“The sins of others work for good to the godly, as they produce holy sorrow. God’s people weep for what they cannot reform. . . . Wicked men make merry with sin. . . . But the godly are weeping doves.”- Thomas Watson, A Divine Cordial, (1663)
“Streams of tears flow from my eyes, for your law is not obeyed.”- Psalm 119:136 (NIV)
Aubrey Sampson concludes Chapter 2 of The Louder Song as she talks about the fourth and final type of lament.
4. The Repentant Lament. For a period of time, Romanians referred to Christians living there as ‘The Repenters.’ Aubrey states that she loves that description. Because, as followers of Jesus, we commit to follow the way of Jesus through repentance. Thus, our lives should look different.
As a result, when faced with God’s holiness — His sacrifice, grace, love, and rule — we find ourselves humbled by our own sin and our desperate need for salvation. Furthermore, we also lament for the sins of others.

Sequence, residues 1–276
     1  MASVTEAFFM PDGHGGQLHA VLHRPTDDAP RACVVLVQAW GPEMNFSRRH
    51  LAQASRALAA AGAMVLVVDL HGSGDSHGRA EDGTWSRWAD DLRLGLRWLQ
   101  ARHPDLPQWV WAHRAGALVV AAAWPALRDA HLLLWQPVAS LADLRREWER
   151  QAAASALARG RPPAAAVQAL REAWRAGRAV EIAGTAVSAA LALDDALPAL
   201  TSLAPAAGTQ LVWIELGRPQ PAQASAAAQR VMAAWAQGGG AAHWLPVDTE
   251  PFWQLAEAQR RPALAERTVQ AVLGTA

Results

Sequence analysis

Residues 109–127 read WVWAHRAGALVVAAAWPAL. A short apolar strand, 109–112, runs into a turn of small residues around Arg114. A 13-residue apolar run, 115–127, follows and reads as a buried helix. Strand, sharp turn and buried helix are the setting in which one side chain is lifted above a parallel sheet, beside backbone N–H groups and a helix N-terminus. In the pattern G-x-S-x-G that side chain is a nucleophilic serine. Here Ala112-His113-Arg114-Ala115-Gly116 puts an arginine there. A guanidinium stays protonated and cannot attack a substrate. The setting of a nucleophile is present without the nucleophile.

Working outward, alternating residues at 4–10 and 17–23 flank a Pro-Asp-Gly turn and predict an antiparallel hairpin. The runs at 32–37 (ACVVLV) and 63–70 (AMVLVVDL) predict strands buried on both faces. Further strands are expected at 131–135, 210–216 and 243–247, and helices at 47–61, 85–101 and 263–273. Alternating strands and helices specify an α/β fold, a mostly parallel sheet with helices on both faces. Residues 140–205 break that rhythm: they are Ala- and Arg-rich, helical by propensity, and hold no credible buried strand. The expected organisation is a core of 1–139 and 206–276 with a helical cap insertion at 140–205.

In his essay A Divine Cordial, Thomas Watson described Christians as weeping doves. Aubrey extends his thought:
“The godly are weeping doves. What a lovely image — it contains sorrow for sin and the shalom of Christ all at once. As followers of Jesus, we are people of both — the cross and the Kingdom. We know Christ and his sufferings, but we also know the victory of his resurrection. Therefore, our laments should reflect it all — regret and return to the Lord.”
In conclusion, despite the form or type of lament in Scripture, time and time again we see how God aligns Himself with suffering people. Consider Jesus, Man of Sorrows. Jesus not only knew lament intimately, but He also became lament for us. Hence, Jesus has no fear of our honest expressions of pain. As we dive deeper into intimacy with Jesus, our sorrow turns back into praise. Lament = the rope keeping us tethered to His presence.
Today’s question: What holy sorrow do you feel for the sins of others? Please share.
Tomorrow’s blog: “Talking to the ceiling fan”